Five months in Curacao has undoubtedly given rise to an anecdote or two.
While Henrik was still in second class at St. Elisabeth Hospital in Willemstad due to lack of space in third class (yes, there is such a thing as first, second and third class at this public hospital), we had a beautiful discussion with three adorable nurses about pursuing your dreams. We had told them about our voyage and our reflections surrounding this change of life style, whereupon they became attentive and pensive: they would at least start thinking about what their dream was, leaving concerns for kids and work for a minute – because this was important stuff!
After the degradation to third class, we realized how peaceful second class had been… Going from a maximum of one other patient in the room to a constant four fellows + the five people on either side (given that the rooms were interconnected by a large gap by the roof) creates noise. Noise ranging from the warm laughter of “Bad Boy” / “Loverboy”, who had broken his leg when fleeing from the police after having driven on the back wheel of his motorbike (not allowed!) and who had not just one, but several girlfriends and always a cocky remark, to “Mister Moaning”, who several days after his operation had figured out that he would get more attention if he faked being in great pain. The most entertaining, however, was “Scatman John”, who had lost his leg, but would start chanting/rapping at any hour as if he were Scatman John – a situation where you would have liked to understand the local language Papiamento 😉 After a few days, you could tell by his facial expressions when it was coming up!
The nurses stood for another kind of noise, when they swiftly entered the room at 4 AM, turning on the sharp fluorescent lamps (despite a softer night light being available) while shouting out “Bon dia!” in order to take the patients’ blood pressure… Then it’s good to know that the priest might come by during the day and bless you volatilely with the sign of the cross (but no words) on his way.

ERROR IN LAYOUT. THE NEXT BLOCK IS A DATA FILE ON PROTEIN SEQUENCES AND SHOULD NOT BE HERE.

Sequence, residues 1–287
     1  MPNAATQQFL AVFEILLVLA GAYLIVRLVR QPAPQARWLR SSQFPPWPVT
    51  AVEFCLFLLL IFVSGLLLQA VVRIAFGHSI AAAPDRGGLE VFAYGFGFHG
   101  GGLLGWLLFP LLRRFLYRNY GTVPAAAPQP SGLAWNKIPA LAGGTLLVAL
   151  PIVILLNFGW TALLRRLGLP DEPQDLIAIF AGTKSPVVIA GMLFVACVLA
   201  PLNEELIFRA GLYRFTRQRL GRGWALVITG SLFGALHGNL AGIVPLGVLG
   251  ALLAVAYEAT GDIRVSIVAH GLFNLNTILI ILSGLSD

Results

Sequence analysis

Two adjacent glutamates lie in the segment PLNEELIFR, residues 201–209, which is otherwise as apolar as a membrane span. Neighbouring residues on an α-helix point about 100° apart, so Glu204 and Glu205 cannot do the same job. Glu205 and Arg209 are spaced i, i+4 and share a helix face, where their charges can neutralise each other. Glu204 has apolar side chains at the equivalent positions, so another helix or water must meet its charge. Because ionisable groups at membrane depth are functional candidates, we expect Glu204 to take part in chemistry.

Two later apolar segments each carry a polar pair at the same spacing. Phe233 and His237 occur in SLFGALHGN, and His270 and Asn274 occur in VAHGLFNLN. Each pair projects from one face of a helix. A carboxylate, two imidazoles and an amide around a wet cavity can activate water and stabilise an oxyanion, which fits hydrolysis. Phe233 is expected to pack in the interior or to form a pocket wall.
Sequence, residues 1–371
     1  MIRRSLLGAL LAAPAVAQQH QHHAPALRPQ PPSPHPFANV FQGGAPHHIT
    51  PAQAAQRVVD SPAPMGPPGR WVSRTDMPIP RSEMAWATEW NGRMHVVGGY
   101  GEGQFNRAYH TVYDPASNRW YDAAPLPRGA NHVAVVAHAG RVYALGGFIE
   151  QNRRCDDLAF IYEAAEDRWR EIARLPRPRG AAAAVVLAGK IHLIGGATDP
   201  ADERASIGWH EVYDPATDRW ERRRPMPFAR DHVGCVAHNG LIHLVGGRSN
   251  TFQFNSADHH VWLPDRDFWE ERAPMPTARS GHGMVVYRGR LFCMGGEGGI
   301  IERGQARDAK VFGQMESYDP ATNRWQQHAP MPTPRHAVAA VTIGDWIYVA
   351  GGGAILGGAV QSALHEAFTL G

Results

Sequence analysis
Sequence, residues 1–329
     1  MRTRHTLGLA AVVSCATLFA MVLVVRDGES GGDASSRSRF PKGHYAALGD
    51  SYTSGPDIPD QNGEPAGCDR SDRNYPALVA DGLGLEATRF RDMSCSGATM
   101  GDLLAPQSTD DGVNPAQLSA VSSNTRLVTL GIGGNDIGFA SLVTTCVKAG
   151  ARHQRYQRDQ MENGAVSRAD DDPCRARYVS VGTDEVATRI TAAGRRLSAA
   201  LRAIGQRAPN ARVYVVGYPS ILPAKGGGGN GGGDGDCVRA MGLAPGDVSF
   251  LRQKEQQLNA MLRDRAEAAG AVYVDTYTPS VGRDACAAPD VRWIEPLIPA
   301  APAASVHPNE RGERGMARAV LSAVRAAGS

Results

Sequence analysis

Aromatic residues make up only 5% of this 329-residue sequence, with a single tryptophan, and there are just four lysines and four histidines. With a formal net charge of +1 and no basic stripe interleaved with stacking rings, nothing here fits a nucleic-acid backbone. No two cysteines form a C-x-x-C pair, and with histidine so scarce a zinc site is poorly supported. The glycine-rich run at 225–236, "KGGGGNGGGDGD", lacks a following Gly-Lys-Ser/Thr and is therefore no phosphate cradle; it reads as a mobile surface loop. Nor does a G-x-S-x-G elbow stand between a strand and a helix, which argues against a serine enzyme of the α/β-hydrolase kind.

You might also need a priest when you have a bill to be paid in the bank. In the one where we had to pay for our prolonged stay in Curacao, they did not accept neither Visa- nor Mastercard (?!). So us out in the heat to find an ATM at another bank to withdraw cash that we could use in the bank. On top of that, we had already withdrawn a large amount that same day to pay for Henrik’s surgery (because the expenses for the surgeon do not go through the hospital and are therefore not covered by the guarantee of payment from the insurance – thanks for telling us – and of course, the surgeon does not accept credit cards either). This is the time where you praise the fact that you are in possession of more than one credit card… Another bill in another bank took attempts with three credit cards before it went through (third time lucky) and entailed one piece of Benedikte almost losing her mind, especially because this was the second visit to this bank due to a forgotten passport the first time, which you of course need when paying a bill… Long live internet banking!
During the last six weeks of our Curacao adventure, despite hard work on the yard, we had a very positive experience at Curacao Marine, where we were treated very professionally by the staff. Always helpful and always following up on our many questions (oh no! Here comes Henrik on his red bike with all his questions… The yard manager Gareth actually invited us on a beer when we went back in the water to celebrate that the questioning now would be over 😉 ). Although very professional, their playful side came to light on a Friday night, where we witnessed a spontaneous after-work-race with the tractor used for hauling boats in and out of the water… What the heck, it wasn’t to be used until Monday 😉
Long-distance sailing is equivalent to changing plans. Our Curacao experience is probably (hopefully!) one of the rarer change of plans – but we did survive that one too!